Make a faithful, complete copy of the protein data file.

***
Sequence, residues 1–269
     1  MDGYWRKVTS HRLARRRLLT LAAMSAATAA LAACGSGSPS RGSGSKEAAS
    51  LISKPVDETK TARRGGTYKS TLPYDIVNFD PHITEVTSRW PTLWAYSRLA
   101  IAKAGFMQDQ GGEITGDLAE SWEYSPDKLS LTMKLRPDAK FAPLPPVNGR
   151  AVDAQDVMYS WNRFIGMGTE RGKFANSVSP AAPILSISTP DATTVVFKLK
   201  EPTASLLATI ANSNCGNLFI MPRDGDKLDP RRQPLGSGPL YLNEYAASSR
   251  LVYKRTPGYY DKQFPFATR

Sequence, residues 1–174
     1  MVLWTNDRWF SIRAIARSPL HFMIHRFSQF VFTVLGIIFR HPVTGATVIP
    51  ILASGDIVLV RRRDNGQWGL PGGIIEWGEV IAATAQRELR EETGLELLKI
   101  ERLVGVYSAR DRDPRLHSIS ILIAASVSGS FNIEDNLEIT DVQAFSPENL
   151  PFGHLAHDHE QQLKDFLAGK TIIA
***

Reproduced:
Sequence, residues 1–269
     1  MDGYWRKVTS HRLARRRLLT LAAMSAATAA LAACGSGSPS RGSGSKEAAS
    51  LISKPVDETK TARRGGTYKS TLPYDIVNFD PHITEVTSRW PTLWAYSRLA
   101  IAKAGFMQDQ GGEITGDLAE SWEYSPDKLS LTMKLRPDAK FAPLPPVNGR
   151  AVDAQDVMYS WNRFIGMGTE RGKFANSVSP AAPILSISTP DATTVVFKLK
   201  EPTASLLATI ANSNCGNLFI MPRDGDKLDP RRQPLGSGPL YLNEYAASSR
   251  LVYKRTPGYY DKQFPFATR

Sequence, residues 1–174
     1  MVLWTNDRWF SIRAIARSPL HFMIHRFSQF VFTVLGIIFR HPVTGATVIP
    51  ILASGDIVLV RRRDNGQWGL PGGIIEWGEV IAATAQRELR EETGLELLKI
   101  ERLVGVYSAR DRDPRLHSIS ILIAASVSGS FNIEDNLEIT DVQAFSPENL
   151  PFGHLAHDHE QQLKDFLAGK TIIA